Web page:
"Over the last few days we are seeing an effort by officials who are suggesting that, as the oil is less visible on the surface, the 'crisis is over.' Clearly, this is far from the case," says Irwin Redlener, MD, director of the National Center for Disaster Preparedness (NCPD) at Columbia's Mailman School of Public Health and president of the Children's Health Fund (CHF). "As shown by our survey, done after the well was capped, there is a significant and persistent public health crisis underscored by the large number of children with medical and psychological problems related to the oil disaster. These concerns will need to be assessed and managed in these coastal communities where there are few or no pediatricians and vastly insufficient mental health professional capacity.'

The survey found a dramatic relationship between economic vulnerability and health effects. Adults with household incomes under $25,000 were by far the most likely to report physical and mental health effects for themselves and also among their children.

"Much the way Hurricane Katrina had its greatest effect on those with the least, the oil spill is also having a greater impact on those coastal residents who are 'economically vulnerable,' says David Abramson, PhD, MPH, director of Research at NCDP and assistant professor of clinical sociomedical sciences at the Mailman School. "In an area still recovering from the 2005 Hurricane Katrina, the oil spill represents a significant test of a population's resiliency."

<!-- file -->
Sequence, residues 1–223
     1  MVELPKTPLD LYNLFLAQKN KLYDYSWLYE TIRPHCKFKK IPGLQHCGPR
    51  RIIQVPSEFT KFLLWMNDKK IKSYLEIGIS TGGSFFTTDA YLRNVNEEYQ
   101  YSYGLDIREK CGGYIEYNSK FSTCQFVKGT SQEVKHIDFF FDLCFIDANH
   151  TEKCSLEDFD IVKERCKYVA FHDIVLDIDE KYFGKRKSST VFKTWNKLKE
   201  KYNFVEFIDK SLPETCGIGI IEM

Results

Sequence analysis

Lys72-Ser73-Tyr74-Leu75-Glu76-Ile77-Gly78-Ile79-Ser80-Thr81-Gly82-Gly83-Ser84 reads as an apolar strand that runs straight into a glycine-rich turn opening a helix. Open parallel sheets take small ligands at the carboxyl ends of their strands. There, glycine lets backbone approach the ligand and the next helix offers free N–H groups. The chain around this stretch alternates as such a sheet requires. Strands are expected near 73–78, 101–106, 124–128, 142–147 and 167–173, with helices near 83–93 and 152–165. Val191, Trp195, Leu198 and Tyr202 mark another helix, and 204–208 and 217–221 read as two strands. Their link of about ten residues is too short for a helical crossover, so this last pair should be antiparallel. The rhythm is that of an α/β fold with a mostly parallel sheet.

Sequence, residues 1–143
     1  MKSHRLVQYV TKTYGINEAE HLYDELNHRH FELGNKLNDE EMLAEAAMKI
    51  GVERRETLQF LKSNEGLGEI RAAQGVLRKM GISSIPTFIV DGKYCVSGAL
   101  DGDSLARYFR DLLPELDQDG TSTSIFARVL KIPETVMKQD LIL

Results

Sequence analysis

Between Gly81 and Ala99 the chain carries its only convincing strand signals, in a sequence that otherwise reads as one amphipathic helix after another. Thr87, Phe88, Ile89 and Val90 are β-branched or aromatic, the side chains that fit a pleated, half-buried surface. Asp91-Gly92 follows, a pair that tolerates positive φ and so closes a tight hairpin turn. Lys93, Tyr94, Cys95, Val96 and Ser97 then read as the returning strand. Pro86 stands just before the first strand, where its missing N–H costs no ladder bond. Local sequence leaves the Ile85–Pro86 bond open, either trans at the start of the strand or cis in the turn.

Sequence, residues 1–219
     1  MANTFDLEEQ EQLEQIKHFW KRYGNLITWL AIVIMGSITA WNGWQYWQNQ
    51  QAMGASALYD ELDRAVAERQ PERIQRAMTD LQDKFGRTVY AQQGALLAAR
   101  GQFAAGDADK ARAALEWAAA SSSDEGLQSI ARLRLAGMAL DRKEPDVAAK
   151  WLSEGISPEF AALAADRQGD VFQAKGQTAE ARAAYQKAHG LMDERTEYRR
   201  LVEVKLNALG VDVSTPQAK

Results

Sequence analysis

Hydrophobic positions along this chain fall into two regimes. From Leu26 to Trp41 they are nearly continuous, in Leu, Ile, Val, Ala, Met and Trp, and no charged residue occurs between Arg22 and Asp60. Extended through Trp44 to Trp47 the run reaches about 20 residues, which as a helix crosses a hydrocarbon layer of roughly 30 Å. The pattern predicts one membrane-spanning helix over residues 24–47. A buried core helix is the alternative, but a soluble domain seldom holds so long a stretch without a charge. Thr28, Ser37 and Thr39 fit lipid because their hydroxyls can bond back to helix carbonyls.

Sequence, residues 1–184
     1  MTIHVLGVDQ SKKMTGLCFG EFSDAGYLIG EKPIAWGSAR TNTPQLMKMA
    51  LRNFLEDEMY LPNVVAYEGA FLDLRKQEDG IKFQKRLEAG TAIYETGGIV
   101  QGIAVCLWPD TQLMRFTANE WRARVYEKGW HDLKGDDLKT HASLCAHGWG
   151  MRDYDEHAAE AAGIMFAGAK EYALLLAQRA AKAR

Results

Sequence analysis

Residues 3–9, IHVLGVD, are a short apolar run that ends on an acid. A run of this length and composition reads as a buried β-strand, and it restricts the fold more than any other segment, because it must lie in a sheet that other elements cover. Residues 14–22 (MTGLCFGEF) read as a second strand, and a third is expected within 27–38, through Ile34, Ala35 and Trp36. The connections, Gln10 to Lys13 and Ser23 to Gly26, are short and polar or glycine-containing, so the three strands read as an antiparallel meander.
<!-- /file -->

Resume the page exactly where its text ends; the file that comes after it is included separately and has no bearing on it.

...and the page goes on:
Dr. Redlener, a pediatrician and professor at the Mailman School, outlined a number of implications for policymakers and others: "Guidelines need to be developed, with active participation of relevant federal agencies, with respect to the short- and long-term health risks of remaining in affected communities. This should include recommendations, based on known science, on when families would be advised to move out of the community entirely." He also believes BP should provide funds to state and local agencies involved with providing assessment and care to affected families. "Children are particularly susceptible to the consequences of this disaster and need to have special resources focused on their needs."

The National Center for Disaster Preparedness at Columbia's Mailman School, which designed the survey, intends to follow a cohort of at least 1,000 children and adults in the region to determine the continuing health and mental health consequences of the oil spill. Meanwhile the Children's Health Fund will bring badly needed mobile pediatric care to the region shortly. "There are literally no pediatricians in the lower two-thirds of Plaquemines Parish," notes Dr. Redlener, "and this is one of the worst hit areas."


Story Source:

The above story is based on materials provided by Columbia University's Mailman School of Public Health. Note: Materials may be edited for content and length.


Cite This Page: